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Day six required no rush, so after waking to farewell Andi and Aaron (with our snow shoes) as they headed up to Acropolis, we slept another hour, packed up and headed back to Narcissus Hut to await their later arrival. A pleasant three hour wander and a nice afternoon sitting at the edge of Lake St Claire saw us, again, greeting our new mates as they returned from a bigger day than we had experienced. We shared stories of our days, and more gear talk for Andi and I, then of course some sunset viewing from the helipad and Platypus spotting at the jetty…the last pursuit failed, but the first produced success – a stunning afternoon with the last of the sun’s rays kissing all the snow capped mountains around us – Mt Olympus (1472m) being the biggest/closest.

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Friday. We were joined by an organised trekking group on the ferry, which was a big money saver. Winter sees the ferry used less and the lakeside walk covered in fallen trees, so with six or less people on board the boat you share a $240 fee. With thirteen of us we each paid the standard $40 crossing fee. The waves on Lake St Claire that day were, according to the ferry man, “the biggest I’ve ever seen, the wind is gail force, up around 80-90 knots!!” I don’t know about his accuracy, but it WAS wild out there! After 7 hours at the Derwent Bridge Hotel around a beautiful open fire and a 3 hour drive to Hobart,  we waved goodbye to Andi and Aaron, we were ready for a warm shower and comfortable bed in our very nice Montacute Bunkhouse in Battery Point. With heads on pillows it wasn’t long before we were dreaming of the morning markets at Salamanca Place, our flights home and our next adventure…

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More photos here.

Video here.

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Hyper – Achievers

I was reflecting the other day on why it is that some people seem to be motivated to change the world and other struggle to change their undies.

The two types of people were juxtaposed this past month in a couple of events I have been involved in. A camp for kids who are at risk from falling through the education system as well as falling into the prison system, then a couple of meetings with a young guy who used to be in my youth group who has recently set up Spark* a fantastic leadership development not-for-profit organization to train leaders in the developing world, starting with PNG.

The camp I ran was for Alta-1, a great education program to help kids hold their education until they can either graduate to further study or into the work force. Many of these kids have done time in juvenile detention or/and have been kicked from school to school due to behavioural issues or simply learning ability. Some of these kids lack so many of the things people need to ‘make it.’ And by make it, I mean…the basics, healthy relationships, a job…any job, a place to live, a budget to enable them to eat and sleep somewhere, stay out of trouble and the like. Many, not all, but many, seem to lack serious EQ. Awareness skills. I sat there listening to some of the conversations wondering how they would do much with their lives. It sounds judgemental – I know – but that was what I was thinking. I even went to questioning the parenting. I had opportunity to spend the second week of the camp camping alongside one of the parents of the kids who came in week one. This Dad, I pre-judged the first time I met him. I judged him based upon the behaviour of his son on a previous camp I had run. But having 4 nights together around a campfire I was able to put aside my prejudices and get to know him a little better. I have heard myself saying, “it’s always the parents”, when it comes to kids and their behaviours. Well maybe parenting is a major part in teenage rage and misbehaviour, but I tell you this – This guy was a really nice guy with some very strong views on parenting and discipline. Not too heavy, not too light, he seemed to me – just right. Why then would his kid plant a brick through the front window of their house and the family car, then proceed to kick in all the doors in the house? Drugs? Maybe. But why drugs? Peer pressure? Maybe. But where did he learn how to choose his peers and be wise in these choices? Man!! Sometimes I wonder if there is a heap of luck in parenting. You just get what you get. Well actually, I don’t think that at all. I do believe parenting plays a major role in moving teens through ‘those years’. Easy for me to say this…my oldest has only just entered ‘those years’. But decisions we make as parents, ways in which we parent, consistent positive patterns of parenting all compound – surely – to create a safe(r) passage through adolecence…I hope!  One example of this was when I was speaking to this father around the campfire and he said he only let his  14 y/o stay out all night twice a week. I shared that my daughter was only just allowed to go to the shops with friends for an hour on a Thursday night and even then only a few times a term! But it’s too late for my friend I think. The freedom has been given, now it would be more than hard to take it back. His son has parked his brain somewhere and is running with a pretty rough crowd.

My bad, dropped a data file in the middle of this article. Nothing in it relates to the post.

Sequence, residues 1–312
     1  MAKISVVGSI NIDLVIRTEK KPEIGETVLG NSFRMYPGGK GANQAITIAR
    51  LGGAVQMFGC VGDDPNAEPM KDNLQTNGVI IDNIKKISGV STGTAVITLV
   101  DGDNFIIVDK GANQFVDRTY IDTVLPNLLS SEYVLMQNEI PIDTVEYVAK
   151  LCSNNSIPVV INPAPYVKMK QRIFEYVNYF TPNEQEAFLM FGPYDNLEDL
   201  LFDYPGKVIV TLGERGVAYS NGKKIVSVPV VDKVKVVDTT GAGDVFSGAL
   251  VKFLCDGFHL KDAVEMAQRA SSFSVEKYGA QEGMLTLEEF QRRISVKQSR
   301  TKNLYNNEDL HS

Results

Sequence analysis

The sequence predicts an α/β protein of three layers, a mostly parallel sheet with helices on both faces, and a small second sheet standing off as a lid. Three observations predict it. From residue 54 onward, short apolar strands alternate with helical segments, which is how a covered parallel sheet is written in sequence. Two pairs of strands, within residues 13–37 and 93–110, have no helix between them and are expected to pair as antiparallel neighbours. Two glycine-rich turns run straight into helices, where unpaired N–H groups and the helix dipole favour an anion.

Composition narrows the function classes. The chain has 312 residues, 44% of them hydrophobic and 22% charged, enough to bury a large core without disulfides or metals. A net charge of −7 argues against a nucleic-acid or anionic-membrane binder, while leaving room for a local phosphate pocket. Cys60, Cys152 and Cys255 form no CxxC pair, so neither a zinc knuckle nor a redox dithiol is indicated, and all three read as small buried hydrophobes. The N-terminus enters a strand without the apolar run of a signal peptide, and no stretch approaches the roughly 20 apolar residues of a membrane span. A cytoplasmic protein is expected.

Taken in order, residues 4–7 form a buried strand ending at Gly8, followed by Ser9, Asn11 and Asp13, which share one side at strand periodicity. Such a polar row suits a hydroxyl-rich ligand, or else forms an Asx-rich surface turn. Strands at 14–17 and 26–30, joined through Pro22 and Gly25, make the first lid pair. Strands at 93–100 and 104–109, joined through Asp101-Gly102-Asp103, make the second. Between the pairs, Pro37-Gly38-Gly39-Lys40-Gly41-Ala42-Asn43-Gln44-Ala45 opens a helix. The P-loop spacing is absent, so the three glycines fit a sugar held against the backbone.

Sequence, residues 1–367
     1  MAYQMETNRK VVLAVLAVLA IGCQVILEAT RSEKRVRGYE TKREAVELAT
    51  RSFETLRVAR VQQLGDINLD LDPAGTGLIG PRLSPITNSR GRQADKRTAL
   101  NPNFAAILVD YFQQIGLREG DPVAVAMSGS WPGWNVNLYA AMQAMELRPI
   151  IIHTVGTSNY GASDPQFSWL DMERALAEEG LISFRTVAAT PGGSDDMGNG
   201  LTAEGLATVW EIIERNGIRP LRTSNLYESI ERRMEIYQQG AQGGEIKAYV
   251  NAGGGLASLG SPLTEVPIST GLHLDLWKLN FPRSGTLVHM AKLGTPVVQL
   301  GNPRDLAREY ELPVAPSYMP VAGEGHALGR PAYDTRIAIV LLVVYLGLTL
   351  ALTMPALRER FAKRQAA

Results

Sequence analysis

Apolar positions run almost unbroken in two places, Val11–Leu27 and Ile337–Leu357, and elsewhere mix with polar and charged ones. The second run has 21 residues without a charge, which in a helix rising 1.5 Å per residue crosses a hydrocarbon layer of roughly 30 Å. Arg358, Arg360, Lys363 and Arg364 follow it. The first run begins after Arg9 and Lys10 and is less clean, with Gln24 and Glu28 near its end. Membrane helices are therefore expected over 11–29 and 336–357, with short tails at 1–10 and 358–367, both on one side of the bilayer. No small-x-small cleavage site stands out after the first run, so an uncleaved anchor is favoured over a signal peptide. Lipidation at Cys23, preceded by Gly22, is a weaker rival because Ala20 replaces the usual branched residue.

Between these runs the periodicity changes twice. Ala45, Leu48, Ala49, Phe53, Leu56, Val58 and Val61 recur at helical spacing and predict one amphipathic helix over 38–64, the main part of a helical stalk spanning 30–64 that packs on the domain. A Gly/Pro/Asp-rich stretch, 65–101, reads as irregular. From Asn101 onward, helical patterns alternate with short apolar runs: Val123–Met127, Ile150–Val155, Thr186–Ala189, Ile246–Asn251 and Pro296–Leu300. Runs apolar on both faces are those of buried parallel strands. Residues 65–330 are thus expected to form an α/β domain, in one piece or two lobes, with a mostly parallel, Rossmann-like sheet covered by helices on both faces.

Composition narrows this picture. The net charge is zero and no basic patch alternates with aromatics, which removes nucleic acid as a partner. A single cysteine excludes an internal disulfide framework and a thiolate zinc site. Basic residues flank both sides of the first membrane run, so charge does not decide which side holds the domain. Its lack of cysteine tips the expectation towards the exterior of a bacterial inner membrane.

The other conversation that I had this past month was with a young guy I had in my youth group when I was a Pastor at Whitford – Aaron Tait. This guy comes from a classic “anything is possible” type family. His Dad makes pretty much everything he touches turn to gold. He talks like something between your nicest next door neighbour and an Amway seller, he is a good guy.

Aaron is an inspiring leader and social entrepreneur. Deployed to Iraq on a United Nations mission as an 18-year-old, the leader of a secondary school for vulnerable children in a Tanzanian slum at 23, and more recently the developer of a HIV orphanage and micro-finance project in rural Kenya, his leadership of his new venture – Spark* is built on a first hand understanding of the frontline realities of humanitarian work. Aaron matches this experience with a Masters of Strategy and Policy, and a Masters of Development with Distinction from the University of Cambridge, as well as a couple of degrees he completed whist still in the Navy. To sit and hear him and his wife Kaitlin share their story this past Wednesday night at our church was simple inspiring. But as much as it was inspiring, I had to ask in relation to this post, “was this the ‘doing’ of his parents? Was it just a lucky series of events?” (he just got a good commander in the Navy who encouraged further study, he didn’t get shot, he met a great wife, he was moved by compassion on a trip to Africa to start a school etc) – I suggest not! Was it something he was born with, just a positive, ‘can do’ personality…the same as his Dad’s! So what do you think? Environment or genetic? Both?